Basically everyone in Florida is united against these new highways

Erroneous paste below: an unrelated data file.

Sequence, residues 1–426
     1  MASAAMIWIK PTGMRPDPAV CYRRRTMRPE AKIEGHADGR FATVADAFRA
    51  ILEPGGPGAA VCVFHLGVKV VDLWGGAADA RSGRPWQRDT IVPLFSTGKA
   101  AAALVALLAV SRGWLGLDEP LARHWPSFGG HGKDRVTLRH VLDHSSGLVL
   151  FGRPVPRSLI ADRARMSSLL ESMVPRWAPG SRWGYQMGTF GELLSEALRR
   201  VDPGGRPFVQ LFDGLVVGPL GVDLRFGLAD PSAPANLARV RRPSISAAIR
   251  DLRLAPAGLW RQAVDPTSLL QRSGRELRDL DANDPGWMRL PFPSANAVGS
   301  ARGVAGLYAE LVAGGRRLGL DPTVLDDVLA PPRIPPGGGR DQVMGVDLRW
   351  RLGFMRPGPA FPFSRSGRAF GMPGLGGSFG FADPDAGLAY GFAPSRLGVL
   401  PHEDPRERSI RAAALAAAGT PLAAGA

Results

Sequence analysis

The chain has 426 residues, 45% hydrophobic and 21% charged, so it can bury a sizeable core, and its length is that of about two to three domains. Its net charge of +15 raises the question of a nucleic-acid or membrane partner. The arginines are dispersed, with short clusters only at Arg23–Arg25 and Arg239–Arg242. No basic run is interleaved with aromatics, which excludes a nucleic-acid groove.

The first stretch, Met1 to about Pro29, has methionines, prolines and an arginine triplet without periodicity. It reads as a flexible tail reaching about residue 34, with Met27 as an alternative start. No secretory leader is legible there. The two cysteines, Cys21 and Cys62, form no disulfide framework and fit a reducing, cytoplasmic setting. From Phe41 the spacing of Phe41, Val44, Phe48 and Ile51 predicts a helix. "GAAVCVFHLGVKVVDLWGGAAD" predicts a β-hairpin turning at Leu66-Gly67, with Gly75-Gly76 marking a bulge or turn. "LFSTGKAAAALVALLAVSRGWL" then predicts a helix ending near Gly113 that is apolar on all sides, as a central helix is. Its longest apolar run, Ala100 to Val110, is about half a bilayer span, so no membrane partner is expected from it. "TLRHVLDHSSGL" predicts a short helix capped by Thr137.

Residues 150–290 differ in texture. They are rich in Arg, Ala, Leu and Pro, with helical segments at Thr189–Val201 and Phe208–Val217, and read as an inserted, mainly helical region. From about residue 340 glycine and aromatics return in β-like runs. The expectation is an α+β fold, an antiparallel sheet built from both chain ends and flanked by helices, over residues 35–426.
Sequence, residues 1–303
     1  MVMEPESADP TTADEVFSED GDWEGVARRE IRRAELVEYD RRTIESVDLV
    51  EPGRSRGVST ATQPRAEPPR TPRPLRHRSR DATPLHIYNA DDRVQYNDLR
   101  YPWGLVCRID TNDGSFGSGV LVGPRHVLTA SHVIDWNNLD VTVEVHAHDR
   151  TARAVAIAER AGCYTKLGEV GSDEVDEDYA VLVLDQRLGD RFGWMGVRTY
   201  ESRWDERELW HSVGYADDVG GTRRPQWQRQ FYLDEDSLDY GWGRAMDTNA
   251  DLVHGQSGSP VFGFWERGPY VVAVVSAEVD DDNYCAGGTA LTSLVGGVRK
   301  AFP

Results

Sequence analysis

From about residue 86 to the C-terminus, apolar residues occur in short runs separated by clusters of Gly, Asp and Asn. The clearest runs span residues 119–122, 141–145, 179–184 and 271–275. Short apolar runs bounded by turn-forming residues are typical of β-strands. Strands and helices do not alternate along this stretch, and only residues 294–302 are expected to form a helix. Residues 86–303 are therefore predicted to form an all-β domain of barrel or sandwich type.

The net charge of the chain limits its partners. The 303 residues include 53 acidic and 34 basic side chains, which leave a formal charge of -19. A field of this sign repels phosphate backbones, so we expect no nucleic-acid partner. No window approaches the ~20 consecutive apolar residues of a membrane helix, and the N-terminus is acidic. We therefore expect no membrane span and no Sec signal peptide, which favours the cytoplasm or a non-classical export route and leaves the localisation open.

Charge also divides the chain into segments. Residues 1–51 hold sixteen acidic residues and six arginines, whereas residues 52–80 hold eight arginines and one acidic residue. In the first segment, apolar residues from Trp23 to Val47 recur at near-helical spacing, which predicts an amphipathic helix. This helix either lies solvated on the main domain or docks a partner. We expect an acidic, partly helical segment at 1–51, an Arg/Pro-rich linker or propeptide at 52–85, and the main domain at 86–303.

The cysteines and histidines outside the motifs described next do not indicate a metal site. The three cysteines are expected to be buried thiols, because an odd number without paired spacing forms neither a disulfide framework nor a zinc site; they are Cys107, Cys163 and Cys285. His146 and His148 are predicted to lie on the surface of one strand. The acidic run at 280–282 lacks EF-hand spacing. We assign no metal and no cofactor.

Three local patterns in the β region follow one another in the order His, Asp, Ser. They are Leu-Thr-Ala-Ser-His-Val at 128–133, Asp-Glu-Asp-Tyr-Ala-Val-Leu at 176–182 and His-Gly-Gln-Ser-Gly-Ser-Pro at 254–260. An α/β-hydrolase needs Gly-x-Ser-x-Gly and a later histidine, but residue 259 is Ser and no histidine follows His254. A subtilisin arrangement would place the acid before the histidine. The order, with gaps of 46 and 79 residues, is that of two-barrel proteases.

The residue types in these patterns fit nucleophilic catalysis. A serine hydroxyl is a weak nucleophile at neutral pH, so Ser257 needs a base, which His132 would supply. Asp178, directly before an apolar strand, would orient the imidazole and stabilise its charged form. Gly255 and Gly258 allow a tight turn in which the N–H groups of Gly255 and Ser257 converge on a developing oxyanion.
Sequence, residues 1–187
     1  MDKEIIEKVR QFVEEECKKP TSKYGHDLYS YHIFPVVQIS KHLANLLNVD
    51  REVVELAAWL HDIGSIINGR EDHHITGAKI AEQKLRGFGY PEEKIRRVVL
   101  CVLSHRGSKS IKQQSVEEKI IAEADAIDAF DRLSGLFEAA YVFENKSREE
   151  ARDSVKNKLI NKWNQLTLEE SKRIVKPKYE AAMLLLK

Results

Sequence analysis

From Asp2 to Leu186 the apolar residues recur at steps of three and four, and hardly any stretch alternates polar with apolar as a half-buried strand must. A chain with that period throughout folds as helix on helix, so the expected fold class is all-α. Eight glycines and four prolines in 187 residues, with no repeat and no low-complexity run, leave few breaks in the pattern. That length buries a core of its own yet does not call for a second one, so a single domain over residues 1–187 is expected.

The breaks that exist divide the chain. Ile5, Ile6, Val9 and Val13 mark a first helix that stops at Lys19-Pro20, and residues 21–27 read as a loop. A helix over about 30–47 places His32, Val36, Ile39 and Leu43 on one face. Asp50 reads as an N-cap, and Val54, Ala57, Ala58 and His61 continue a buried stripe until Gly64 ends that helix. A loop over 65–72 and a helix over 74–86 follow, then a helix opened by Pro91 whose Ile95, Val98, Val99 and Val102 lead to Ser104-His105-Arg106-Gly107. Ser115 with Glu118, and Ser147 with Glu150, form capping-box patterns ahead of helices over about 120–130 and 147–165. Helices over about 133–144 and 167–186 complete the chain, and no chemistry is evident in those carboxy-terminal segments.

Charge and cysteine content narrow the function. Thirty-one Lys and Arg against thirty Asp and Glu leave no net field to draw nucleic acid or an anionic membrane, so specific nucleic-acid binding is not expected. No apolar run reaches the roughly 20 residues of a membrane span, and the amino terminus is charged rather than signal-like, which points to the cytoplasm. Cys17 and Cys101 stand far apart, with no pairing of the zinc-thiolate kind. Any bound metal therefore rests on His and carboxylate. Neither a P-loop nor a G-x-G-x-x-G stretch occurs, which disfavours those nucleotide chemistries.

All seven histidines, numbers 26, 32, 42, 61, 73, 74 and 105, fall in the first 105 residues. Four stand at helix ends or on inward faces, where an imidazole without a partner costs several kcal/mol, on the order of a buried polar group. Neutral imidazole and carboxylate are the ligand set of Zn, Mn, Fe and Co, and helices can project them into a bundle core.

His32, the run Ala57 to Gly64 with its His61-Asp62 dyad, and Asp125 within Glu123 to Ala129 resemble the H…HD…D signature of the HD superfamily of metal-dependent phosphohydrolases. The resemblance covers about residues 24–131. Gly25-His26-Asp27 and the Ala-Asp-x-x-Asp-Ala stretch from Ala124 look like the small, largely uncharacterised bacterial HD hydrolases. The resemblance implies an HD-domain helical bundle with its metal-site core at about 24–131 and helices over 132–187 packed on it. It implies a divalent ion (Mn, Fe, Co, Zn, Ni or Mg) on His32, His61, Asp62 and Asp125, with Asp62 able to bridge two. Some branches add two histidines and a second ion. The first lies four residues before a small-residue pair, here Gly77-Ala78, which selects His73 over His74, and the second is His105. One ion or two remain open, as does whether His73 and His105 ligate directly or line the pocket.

“What is the return for us?” said Scott Osteen, a farmer living in the proposed path of M-CORES. “You’re asking us to give up land, you’re asking us to give up our current way of life, but currently I don’t see the upside to it.” / And then there are the environmental costs of the project. The transportation sector is the largest source of greenhouse gases in the U.S., making up 28 percent of emissions. Oscar Psychas, founder of the Young Leaders for Wild Florida, says highways invite more cars onto the road, a well documented phenomenon known as “induced demand.” Those cars emit carbon dioxide, driving climate change in a state that’s among the most vulnerable to its effects. Without proper protections for the environment, the roads could also bring more urban sprawl — which leads to yet more driving — and disturb some of the state’s natural barriers against sea level rise, such as wetlands. The southwestern leg of the highway could slice through some of the last remaining habitat of the endangered Florida panther.